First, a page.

Anonymous said...

I think it's worth mentioning that modern feminism has its origins in the West, and that the notion of a homespun feminism somehow detached from the "imperialist overreach" of the Western notion of feminism is, to put it lightly, a stretch. Abolitionism was also a Western idea that was imposed, at the point of the gun, I might add, on the rest of the world. It was certainly a cultural imposition, but I think not many today would defend the practice as being something inherent to a culture that was worth defending because it was alien to Western notions. Similiarly, FEMEN feels that the attitudes of Islamic traditionalists towards women are oppressive, full stop. It doesn't matter to them that there is a long cultural tradition that supports it, there is a long tradition of patriarchal-ism in the West that they reject just as wholeheartedly. It is a question of right or wrong to them, not a question of regional cultural differences. That Muslim women defend their cultural distaste for disrobed women merely means to FEMEN members that they are complicit in their own oppression, something that feminists, and other radicals, have noted and decried in many discrete instances.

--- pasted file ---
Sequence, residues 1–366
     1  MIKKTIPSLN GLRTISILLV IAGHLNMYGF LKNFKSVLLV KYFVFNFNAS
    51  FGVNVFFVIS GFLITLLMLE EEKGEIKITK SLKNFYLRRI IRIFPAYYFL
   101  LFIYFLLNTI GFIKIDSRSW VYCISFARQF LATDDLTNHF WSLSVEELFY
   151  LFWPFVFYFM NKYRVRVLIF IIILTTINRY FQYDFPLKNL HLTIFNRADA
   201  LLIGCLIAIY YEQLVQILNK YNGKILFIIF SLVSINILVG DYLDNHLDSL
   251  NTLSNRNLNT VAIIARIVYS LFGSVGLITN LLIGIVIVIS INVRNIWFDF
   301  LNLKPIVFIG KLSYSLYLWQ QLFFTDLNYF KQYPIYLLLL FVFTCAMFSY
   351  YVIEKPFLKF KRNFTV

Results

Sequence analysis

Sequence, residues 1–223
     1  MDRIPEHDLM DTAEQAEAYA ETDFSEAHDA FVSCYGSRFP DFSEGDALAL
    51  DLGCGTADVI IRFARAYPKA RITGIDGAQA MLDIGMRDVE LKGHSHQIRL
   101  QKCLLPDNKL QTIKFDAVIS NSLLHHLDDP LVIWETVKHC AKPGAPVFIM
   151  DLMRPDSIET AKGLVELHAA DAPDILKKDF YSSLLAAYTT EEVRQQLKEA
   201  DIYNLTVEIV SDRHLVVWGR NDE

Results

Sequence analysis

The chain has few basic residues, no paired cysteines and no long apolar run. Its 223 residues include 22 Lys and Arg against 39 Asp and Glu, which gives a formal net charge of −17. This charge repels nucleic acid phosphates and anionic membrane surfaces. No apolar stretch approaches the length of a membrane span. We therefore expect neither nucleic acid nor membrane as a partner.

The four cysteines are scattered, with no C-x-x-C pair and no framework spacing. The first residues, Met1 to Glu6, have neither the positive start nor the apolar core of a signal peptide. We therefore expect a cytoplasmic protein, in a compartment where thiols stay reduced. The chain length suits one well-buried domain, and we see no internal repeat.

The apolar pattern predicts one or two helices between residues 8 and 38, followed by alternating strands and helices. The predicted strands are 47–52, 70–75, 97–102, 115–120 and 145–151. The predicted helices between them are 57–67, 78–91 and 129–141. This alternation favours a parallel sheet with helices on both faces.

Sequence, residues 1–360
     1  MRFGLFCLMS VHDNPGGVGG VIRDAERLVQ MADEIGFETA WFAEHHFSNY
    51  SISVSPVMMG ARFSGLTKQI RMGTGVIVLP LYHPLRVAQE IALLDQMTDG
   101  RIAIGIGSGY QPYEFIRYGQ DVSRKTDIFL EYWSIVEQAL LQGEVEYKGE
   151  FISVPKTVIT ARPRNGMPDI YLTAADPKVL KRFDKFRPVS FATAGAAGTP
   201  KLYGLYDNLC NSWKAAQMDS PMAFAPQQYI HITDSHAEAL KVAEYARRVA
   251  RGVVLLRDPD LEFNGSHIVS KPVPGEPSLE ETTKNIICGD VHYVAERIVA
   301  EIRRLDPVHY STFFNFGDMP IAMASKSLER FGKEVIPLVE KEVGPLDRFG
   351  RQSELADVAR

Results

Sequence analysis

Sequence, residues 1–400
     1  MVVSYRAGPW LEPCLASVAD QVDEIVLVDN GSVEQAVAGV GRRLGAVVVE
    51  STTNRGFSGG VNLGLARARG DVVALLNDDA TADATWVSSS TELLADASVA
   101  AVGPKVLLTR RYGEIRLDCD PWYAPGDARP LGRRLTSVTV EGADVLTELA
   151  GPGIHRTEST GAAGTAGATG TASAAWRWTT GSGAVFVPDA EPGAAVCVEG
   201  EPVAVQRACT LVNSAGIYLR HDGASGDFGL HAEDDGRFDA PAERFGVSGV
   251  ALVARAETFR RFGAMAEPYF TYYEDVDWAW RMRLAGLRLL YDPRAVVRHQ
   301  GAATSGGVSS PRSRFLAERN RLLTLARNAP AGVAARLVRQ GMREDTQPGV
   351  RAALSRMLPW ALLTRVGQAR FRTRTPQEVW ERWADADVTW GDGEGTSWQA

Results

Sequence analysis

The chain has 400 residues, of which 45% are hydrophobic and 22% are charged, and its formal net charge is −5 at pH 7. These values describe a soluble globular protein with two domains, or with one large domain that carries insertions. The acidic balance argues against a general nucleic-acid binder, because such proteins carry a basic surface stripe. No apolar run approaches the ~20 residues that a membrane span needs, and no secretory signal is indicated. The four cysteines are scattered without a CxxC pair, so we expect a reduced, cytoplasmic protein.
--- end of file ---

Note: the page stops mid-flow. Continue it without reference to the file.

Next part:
I'm hardly a feminist, but it seems to me that you're providing an excuse for the oppression of women because to express support for FEMEN or even just Western feminist norms would be "neocolonialist". I think you have to ask yourself whether the Western notion of reasonable freedom, autonomy and empowerment for women is absolutely correct morally. Certainly FEMEN thinks so ... you can call it imperialist if you like, but that doesn't necessarily demonstrate that their moral position is incorrect. Or would you be comfortable with your daughters being subject to the cultural norms of the Muslim Brotherhood?

Michael Collins Dunn said...

Of course not, nor am I a Muslim: but keep in mind this post is an extended quote from a Muslim college student who does define herself as a feminist. I'm merely quoting what I thought was one of the better articulations of a widespread critique.